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How do I find a square $3\times 3$ matrix so that the appropriate function is an orthogonal projection onto a plane $a - 2b + 3c = 0$
I know how to do it with lines. I just rotate it so that my line merges with one of the axes, then use the matrix of orthogonal projection onto an axis $x_1$ or $x_2$ and then finally rotate my line back to its original position. With the plane however, I cannot figure it out.
Thanks for your help.

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  • $\begingroup$ Calling your plane $x-2y+3z=0$ seems to be more standard. $\endgroup$ – Element118 Nov 9 '15 at 11:22
  • $\begingroup$ Hint: $Tx=xTe_1+yTe_2+zTe_3$ where $e_1, e_2, e_3$ is the standard basis. You have lots of choices as to where $Te_1, Te_2$ and $Te_3$ end up on the plane. $\endgroup$ – Paul Nov 9 '15 at 11:26
  • $\begingroup$ ah, orthogonal projection. Was orthogonal in there originally?? $\endgroup$ – Paul Nov 9 '15 at 12:49
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The projection matrix onto the plane is given by $\bf{P} = I - \bf{v}(\bf{v}^T\bf{v})^{-1}\bf{v}^T$ where $\bf{v}$ is the vector normal to the plane ${\bf{v}} = (1, -2, 3)^T$ in your case.

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  • $\begingroup$ Looks nice, but $(v^t v)^{-1} = v^{-1} (v^t)^{-1}$ and would cancel out to $P=0$, or? $\endgroup$ – mvw Nov 9 '15 at 12:06
  • $\begingroup$ what you wrote is true for square matrices only. $\bf{v}$ is a vector. It won't cancel out. Try it. $\endgroup$ – Nir Regev Nov 9 '15 at 12:08
  • $\begingroup$ Ah, I see. Thanks. $\endgroup$ – mvw Nov 9 '15 at 12:08
  • $\begingroup$ @abel what you wrote is a reflection, not a projection. $\endgroup$ – Nir Regev Nov 9 '15 at 12:16
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you can use the householder transformation to get the reflection on the plane as $R = I - \frac 2{u^\top u} uu^\top$ with $u = (1, -2, 3)^\top$ the normal vector to the plane.

the projection is given $P = \frac 1{u^\top u}uu^\top$

$P$ and $R$ are connected by the relation $2P - I = R.$

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  • $\begingroup$ what you wrote is a reflection, not a projection. $\endgroup$ – Nir Regev Nov 9 '15 at 21:07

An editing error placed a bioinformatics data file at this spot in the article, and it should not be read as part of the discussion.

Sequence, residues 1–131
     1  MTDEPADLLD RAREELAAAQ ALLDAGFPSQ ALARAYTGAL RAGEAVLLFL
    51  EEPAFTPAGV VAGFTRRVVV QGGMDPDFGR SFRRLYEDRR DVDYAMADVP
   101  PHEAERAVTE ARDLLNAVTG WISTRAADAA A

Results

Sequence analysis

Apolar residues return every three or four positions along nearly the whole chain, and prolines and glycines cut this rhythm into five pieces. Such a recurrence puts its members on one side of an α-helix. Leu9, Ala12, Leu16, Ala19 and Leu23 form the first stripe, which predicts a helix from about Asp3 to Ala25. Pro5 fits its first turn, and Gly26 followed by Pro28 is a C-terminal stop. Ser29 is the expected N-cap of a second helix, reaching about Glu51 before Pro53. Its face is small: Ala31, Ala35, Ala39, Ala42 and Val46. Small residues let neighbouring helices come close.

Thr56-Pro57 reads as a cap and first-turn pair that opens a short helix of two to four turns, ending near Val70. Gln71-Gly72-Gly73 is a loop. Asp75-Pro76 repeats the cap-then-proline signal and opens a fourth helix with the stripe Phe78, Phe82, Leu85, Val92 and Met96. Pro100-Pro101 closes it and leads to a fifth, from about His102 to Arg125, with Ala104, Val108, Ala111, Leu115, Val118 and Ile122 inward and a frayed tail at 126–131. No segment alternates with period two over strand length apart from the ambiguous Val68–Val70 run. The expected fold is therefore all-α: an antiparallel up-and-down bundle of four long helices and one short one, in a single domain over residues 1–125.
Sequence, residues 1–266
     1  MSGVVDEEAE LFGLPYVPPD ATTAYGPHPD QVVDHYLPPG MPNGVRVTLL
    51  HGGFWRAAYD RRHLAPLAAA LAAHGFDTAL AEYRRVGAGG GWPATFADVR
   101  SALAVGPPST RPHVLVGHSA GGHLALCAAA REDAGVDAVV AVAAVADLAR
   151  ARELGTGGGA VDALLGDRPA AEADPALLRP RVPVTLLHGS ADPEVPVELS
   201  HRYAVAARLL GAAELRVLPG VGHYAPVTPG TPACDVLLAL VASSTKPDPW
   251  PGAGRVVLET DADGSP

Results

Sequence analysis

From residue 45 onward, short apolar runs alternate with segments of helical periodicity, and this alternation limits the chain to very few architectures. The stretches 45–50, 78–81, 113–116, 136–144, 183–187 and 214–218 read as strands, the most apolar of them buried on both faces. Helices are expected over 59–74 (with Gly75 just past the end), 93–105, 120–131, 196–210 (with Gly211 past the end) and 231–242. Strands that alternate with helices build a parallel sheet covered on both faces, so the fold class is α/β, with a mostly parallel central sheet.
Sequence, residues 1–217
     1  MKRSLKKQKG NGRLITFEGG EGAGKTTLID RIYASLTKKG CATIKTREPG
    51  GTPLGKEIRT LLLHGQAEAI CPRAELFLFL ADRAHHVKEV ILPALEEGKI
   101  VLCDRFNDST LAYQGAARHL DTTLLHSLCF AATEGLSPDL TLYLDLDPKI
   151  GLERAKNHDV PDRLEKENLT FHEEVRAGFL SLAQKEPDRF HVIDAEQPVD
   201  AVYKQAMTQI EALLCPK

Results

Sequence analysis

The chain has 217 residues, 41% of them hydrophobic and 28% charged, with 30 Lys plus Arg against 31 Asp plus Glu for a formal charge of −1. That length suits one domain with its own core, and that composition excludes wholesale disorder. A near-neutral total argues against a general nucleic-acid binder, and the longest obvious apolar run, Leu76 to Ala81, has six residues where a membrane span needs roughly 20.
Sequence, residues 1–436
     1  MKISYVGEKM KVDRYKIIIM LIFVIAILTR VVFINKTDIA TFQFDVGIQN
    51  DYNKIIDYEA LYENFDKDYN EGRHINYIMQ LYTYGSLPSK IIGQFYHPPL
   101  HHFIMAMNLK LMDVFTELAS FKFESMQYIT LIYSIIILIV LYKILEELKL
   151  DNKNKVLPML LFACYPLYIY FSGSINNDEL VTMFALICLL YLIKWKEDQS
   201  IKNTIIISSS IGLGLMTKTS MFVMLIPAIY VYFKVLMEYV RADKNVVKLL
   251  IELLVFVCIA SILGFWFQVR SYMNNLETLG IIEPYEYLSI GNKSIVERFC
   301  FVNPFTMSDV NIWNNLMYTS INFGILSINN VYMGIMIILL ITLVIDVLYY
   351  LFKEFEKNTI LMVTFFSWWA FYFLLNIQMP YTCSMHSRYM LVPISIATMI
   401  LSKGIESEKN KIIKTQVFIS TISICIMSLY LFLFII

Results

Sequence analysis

• $\begingroup$ @NirRegev, you are right. i have edited my answer. $\endgroup$ – abel Nov 10 '15 at 0:22
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The following will calculate the part $v_p$ of a vector $v$ which lies in the given plane. I hope this is the projection you have in mind.

Assuming the plane consists of points whose coordinates $(x,y,z)$ fulfill $$ x - 2 y + 3 z = 0 $$ a normal vector to the plane is $$ (1, -2, 3)^t $$ a unit normal vector then is $$ n = (1/\sqrt{14}) \, (1, -2, 3)^t $$ A projection of a vector $v$ into the plane has to remove the parts of $v$ which are in normal direction: $$ v_p = v - (n \cdot v) \, n = (I - n \, n^t) \, v $$ where I used the idea from Nir's answer for the last equation. Then $$ A = \left( \begin{matrix} 1 - n_1^2 & -n_1 n_2 & - n_1 n_3 \\ -n_2 n_1 & 1 - n_2^2 & - n_2 n_3 \\ -n_3 n_1 & -n_3 n_2 & 1 - n_3^2 \end{matrix} \right) $$ allows to write this as $$ v_p = A v $$

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How about saying that our orthogonal projection equals to the identity minus the orthogonal projection onto $W^\perp?$
$W^\perp$ is the span of the normal vector $v=(1,−2,3)$, and the orthogonal projection onto which is $x\mapsto \frac{(v\mid x)}{(v\mid v)}v$, and whose matrix is: $14^{-1}\begin{pmatrix}1\\-2\\3\end{pmatrix} \begin{pmatrix}1&-2&3\end{pmatrix} = 14^{-1}\begin{pmatrix}1&-2&3\\-2&4&-6\\3&-6&9\end{pmatrix}.$
Then we substract that from the identity and we should get the orthogonal projection matrix
$ P = \begin{pmatrix}13/14&1/7&-3/14\\1/7&5/7&3/7\\-3/14&3/7&5/14\end{pmatrix}. $

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